Tuesday, December 10, 2013

Best Friend of Charleston: Ironclads, Artillery and Locomotives

No they never taught us what was real
Iron and coke and chromium steel.

Most of the discussion of Civil War gunboats and ships takes naval artillery for granted and leaves artillery almost completely out of the analysis, emphasizing armoring of the ships. From personal experience you want be on the side of the battle with biggest most accurate guns. These take time to produce and require a sophisticated and robust industry to produce them. The Confederate boats and batteries had to make do with 12- and 24-pounder artillery and some 32-pounders, most of which (1200) were captured at Gosport early in the war. The Union was in the process of replacing its 32-pound naval guns when the war began. It had lots of them to spare for the gunboats. When the war started the Union had been manufacturing larger replacement guns for years, beginning in the mid 1850s, and had a significant capacity for manufacturing more of them (Alger Foundry, West Point Foundry, Seyfert & McManus, Fort Pitt Foundry).   Union gunboats, for example mounted two to four 8-inch guns (62 pounders), two to six 32-pounders, and two to six 42-pounders. By 1863 and the Vicksburg campaign Union gunboats like the USS Carondelet would carry three 9-inch guns, four 8-inch guns, a 50-pound rifle, 32-pounders and 42-pounders. By 1864, two 100-pound rifles were added.  Even in the case of the British built Confederate raiders, the Union had a fire power advantage.   In the famed sea battle between the USS Kearsarge and CSS Alabama, the Kearsarge mounted two 11-inch Dahlgren pivot guns firing 140-pound shot compared to the Alabama's single 100-pounder and single 68-pounder.   In other words, the Union's artillery manufacturing capability meant the Confederates were completely outgunned on the Mississippi and at sea.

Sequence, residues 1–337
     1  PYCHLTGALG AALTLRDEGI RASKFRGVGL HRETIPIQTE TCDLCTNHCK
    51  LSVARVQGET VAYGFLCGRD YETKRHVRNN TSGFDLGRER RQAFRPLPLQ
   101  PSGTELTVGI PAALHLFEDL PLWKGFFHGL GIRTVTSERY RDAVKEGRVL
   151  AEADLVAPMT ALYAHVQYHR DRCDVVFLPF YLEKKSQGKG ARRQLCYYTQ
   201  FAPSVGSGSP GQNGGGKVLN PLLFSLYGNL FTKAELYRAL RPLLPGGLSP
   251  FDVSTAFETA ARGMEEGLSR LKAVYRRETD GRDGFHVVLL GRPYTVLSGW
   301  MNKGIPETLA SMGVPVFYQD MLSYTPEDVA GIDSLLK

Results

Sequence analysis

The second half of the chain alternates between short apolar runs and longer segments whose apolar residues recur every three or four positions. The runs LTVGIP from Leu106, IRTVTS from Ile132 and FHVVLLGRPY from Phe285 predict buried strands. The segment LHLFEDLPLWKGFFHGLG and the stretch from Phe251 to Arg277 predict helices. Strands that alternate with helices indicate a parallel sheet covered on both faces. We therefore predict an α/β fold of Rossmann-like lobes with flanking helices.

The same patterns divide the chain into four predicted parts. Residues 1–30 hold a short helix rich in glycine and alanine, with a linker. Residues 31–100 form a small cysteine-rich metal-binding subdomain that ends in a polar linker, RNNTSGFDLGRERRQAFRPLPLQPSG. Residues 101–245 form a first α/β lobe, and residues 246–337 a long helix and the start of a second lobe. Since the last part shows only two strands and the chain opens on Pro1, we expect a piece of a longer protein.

The irony of this military advantage was that slavery helped build it.  An analysis of the West Point Foundry's production for civilian buyers shows that much of it was destined for the South, including the first locomotive entirely produced in the United States, Best Friend of CharlestonPrior to the outbreak of Civil War hostilities, the West Point Foundry had produced the huge Dahlgren guns mounted on the USS Monitor.

"I saw it standing forlorn and lost, in disrepair, high on its rock overlooking our beloved Hudson and I nearly wept at the sight."-- Helen Hayes, 1971

For those [Irish immigrants] who gained employment at the West Point Foundry in Cold Spring, a chapel was established to serve them and their families. Foundry owner Gouverneur Kemble donated land and funds for what would be the first Catholic church north of Manhattan.